Spatiotemporal variation in home range size of female polar bears and correlations with individual contaminant load
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We quantified the effect of multiple environmental and biological determinants on variation in home range size across multiple spatial (total-home range–core-home range areas) and temporal (seasonal and all seasons combined) scales for 22 adult female polar bears (Ursus maritimus) from Svalbard, Norway (2003–2011). We also evaluated if considering spatiotemporal variation in home range size and location is valuable to assess variation in concentrations of persistent organic pollutants (POPs). In general, home range size was negatively related to the proportion of land within the home range and sea ice concentration, but positively to snow depth. However, effects typically differed between seasons and total, and core-home range size, providing evidence that home range size is scale dependent in this large Arctic mammal. Females accompanied by dependent offspring had smaller home ranges during the breeding season and spring compared to solitary females, while age and body mass did not explain variation in home range size. Correlations between POP concentration and space use were marginally significant, but consistently stronger at fine spatiotemporal resolutions (i.e. core-home ranges during the breeding season) compared to coarse resolution (i.e. total-home ranges over the entire year). We also found that the geographic location of the home range is a stronger ecological correlate of POP concentration than home range size. To improve our understanding of the relation between POPs and animal space use, we recommend increasing the temporal frequency of POP measurements to evaluate how POP concentrations vary during a year and across areas.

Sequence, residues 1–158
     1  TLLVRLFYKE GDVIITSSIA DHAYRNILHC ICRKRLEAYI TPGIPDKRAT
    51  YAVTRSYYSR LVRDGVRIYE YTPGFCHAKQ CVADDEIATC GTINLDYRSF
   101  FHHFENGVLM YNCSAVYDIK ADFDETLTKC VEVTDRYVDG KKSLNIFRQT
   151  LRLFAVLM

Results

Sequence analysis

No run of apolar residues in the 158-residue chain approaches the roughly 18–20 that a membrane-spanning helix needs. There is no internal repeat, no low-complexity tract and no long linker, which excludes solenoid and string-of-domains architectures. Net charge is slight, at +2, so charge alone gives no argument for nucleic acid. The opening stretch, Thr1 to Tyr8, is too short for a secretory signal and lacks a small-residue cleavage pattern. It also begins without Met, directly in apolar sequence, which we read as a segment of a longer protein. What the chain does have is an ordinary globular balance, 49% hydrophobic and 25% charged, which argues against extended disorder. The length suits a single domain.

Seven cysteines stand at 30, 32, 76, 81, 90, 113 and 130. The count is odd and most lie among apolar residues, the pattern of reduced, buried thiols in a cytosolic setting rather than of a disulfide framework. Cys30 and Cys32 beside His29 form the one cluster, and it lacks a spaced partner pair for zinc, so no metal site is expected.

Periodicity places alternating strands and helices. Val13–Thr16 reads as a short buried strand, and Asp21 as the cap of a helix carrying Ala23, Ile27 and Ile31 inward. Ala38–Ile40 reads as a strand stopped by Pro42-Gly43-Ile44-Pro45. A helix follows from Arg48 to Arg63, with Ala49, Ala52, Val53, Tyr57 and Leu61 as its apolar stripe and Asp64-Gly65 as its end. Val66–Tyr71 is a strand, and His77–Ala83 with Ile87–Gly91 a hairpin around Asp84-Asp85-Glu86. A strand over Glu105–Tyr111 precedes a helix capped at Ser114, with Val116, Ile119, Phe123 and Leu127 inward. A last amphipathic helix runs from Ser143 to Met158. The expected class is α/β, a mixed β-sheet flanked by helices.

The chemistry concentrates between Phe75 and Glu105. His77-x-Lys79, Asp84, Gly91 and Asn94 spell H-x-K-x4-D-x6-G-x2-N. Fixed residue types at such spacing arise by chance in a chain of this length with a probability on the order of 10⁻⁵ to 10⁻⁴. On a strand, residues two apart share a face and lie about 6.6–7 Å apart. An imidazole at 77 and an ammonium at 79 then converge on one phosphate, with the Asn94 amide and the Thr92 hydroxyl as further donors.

KeywordsEnvironmental pollutants Home range Movement Scale Sea ice Ursus maritimus
A large number of people were involved in preparing this study and we gratefully acknowledge their support. Specifically, we want to thank Katharina B. Løken at NMBU, for analysing the blood samples for POPs concentrations, the crew on RV Lance, the pilots and mechanics from AIRLIFT and The Governor of Svalbard. Funding for this research was provided by the Norwegian Polar Institute, Norwegian Ministry of the Environment and the Danish Cooperation for Environment in the Arctic program (DANCEA). We also acknowledge support from World Wildlife Fund for collaring of adult females. The Editor and three anonymous reviewers provided constructive feedback on a previous draft of the manuscript.
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